Impact of early hypocapnia on development of bronchopulmonary dysplasia in premature neonates
Introduction: There are likely multiple contributing factors to the development of bronchopulmonary dysplasia, including early ventilatory management. There has been increasing emphasis on providing gentle ventilation in the delivery room in an effort to reduce barotrauma, volutrauma and atelectotrauma. Hypocapnia could be an important marker for overventilation. This study sought to determine if, in infants <29 weeks at birth, hypocapnia during initial stabilization increases incidence of moderate/severe BPD and adverse neurological outcomes.
Methods: This is a retrospective cohort study of all inborn extremely premature (<29 weeks) infants born between 2006-2015 at the IWK Health Centre in Halifax, Nova Scotia. All pCO2 values in the first 14 days after birth were extracted. Infants were categorized as normocapnic (40-60 mm Hg), hypocapnic, hypercapnic or fluctuating for each time for their initial pCO2, first 24 hours, first seven days, and first 14 days. Frequencies of the four pCO2 categories were described, and then multivariable logistic regression was used to determine significant differences in the outcome measures for the different pCO2 categories.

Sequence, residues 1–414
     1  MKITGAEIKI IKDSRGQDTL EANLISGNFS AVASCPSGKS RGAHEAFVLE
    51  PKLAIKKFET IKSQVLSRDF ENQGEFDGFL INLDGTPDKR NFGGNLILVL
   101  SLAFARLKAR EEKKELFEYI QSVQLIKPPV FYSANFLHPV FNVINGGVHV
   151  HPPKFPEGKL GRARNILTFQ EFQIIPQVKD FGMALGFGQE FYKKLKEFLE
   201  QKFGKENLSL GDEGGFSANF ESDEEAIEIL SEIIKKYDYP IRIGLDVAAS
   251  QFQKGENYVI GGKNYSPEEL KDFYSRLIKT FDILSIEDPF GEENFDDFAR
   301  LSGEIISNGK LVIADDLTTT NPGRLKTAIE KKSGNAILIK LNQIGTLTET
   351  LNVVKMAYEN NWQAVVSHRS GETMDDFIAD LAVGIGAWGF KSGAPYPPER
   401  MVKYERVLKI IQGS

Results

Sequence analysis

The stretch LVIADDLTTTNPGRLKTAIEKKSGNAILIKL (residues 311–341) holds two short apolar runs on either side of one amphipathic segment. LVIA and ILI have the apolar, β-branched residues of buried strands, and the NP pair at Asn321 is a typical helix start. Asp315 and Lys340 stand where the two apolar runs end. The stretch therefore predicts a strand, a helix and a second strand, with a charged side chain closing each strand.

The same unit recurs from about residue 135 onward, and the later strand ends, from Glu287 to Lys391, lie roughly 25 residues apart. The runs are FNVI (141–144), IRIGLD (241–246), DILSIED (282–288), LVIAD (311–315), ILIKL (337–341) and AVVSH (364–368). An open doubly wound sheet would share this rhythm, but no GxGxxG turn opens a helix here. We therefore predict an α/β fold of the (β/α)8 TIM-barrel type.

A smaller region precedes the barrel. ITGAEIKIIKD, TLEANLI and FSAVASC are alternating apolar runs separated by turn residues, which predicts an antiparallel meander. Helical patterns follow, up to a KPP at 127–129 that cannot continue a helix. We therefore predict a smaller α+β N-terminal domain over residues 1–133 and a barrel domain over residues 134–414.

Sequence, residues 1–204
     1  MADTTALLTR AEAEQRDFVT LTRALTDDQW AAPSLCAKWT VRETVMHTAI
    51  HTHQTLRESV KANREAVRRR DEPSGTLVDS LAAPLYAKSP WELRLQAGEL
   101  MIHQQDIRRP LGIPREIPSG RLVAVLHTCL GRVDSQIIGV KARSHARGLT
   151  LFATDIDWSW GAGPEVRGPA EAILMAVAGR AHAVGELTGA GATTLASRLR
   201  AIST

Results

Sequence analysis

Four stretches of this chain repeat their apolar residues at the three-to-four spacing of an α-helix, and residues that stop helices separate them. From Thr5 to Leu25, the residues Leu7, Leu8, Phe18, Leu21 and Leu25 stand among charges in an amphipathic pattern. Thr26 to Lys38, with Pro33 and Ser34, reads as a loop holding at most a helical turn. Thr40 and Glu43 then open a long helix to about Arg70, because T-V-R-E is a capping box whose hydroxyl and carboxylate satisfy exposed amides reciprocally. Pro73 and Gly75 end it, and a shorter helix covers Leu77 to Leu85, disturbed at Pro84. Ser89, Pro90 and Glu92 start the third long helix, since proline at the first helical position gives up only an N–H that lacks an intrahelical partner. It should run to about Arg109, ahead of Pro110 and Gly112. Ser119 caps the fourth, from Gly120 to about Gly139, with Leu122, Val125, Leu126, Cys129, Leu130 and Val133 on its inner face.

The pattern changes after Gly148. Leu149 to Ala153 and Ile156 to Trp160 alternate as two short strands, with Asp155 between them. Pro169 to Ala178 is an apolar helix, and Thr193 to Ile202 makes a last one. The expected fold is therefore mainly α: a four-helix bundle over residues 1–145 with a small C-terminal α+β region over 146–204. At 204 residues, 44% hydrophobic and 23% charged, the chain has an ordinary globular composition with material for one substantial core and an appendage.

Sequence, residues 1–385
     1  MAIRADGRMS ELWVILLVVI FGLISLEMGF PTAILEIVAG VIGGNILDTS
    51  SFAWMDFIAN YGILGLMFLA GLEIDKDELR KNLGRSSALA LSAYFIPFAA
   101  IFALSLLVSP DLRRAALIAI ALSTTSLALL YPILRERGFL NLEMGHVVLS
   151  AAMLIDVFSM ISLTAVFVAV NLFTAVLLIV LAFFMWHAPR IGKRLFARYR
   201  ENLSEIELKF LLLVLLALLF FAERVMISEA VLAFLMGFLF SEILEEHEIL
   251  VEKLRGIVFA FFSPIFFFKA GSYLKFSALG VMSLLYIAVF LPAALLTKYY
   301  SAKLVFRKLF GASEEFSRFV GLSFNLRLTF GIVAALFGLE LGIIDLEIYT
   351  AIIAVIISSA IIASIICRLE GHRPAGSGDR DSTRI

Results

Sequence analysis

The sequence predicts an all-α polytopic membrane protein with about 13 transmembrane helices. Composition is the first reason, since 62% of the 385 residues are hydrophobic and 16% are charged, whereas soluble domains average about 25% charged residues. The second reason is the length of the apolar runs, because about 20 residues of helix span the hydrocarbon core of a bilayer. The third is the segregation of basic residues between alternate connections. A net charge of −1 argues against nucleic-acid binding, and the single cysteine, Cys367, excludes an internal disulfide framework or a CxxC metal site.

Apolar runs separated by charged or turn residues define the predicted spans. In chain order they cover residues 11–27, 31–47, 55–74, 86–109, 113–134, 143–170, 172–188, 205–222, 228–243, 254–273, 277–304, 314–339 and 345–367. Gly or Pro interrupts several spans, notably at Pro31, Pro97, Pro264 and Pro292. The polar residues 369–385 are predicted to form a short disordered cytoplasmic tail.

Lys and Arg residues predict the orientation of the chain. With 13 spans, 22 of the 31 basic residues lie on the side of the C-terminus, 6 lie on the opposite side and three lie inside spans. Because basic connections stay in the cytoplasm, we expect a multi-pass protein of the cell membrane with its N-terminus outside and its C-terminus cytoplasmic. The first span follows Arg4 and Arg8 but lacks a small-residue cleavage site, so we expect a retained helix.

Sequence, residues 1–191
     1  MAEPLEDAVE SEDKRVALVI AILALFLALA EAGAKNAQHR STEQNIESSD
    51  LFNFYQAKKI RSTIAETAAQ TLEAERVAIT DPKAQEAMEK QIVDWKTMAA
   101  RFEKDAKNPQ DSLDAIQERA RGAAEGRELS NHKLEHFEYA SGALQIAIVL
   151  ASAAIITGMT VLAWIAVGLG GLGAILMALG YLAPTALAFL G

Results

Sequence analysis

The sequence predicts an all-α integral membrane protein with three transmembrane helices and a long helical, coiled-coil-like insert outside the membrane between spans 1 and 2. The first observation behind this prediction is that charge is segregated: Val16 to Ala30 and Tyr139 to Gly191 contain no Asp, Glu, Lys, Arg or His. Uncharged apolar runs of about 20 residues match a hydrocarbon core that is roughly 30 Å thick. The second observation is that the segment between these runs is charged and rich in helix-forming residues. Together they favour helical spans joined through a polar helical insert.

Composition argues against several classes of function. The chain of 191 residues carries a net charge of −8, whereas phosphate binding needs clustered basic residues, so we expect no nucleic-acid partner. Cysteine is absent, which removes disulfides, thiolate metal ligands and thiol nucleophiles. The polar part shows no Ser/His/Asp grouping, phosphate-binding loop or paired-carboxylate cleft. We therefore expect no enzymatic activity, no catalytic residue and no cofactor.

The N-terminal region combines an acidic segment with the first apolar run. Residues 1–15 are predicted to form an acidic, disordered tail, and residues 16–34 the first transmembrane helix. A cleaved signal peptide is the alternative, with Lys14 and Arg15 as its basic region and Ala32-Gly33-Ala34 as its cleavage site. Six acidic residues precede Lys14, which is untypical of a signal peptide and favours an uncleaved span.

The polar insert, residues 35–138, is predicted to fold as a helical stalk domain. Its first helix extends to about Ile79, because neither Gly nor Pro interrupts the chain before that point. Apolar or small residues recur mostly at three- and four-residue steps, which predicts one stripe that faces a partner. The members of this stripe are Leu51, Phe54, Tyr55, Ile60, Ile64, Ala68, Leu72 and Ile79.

Results: A total of 310 infants were included. Percentages of infants in each pCO2 category during the four prespecified time periods are shown in attached figure. The number of infants in the hypocapnic category increased between the initial pCO2 and the first 24 hours (51 to 165, p<0.001), and remained significantly increased over the first seven days compared to initial (51 to 95, p<0.001). We were unable to demonstrate an independent association of early hypocapnia with BPD, IVH or PVL.
Conclusion: Despite the majority of extremely preterm infants having a normal initial pCO2, the trend over the first 24 hours of life shows that a significant proportion of them become hypocapnic, suggesting possible overventilation in this critical early time period.